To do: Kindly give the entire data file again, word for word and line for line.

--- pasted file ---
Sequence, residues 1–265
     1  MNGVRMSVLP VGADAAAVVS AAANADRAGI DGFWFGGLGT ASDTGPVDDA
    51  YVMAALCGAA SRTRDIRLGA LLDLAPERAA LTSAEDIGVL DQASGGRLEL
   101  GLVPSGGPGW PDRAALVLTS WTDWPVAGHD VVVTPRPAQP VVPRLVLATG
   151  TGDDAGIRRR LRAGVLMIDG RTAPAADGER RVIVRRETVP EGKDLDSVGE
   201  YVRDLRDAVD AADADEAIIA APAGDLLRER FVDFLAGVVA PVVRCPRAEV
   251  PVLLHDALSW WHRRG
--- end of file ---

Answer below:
Sequence, residues 1–265
     1  MNGVRMSVLP VGADAAAVVS AAANADRAGI DGFWFGGLGT ASDTGPVDDA
    51  YVMAALCGAA SRTRDIRLGA LLDLAPERAA LTSAEDIGVL DQASGGRLEL
   101  GLVPSGGPGW PDRAALVLTS WTDWPVAGHD VVVTPRPAQP VVPRLVLATG
   151  TGDDAGIRRR LRAGVLMIDG RTAPAADGER RVIVRRETVP EGKDLDSVGE
   201  YVRDLRDAVD AADADEAIIA APAGDLLRER FVDFLAGVVA PVVRCPRAEV
   251  PVLLHDALSW WHRRG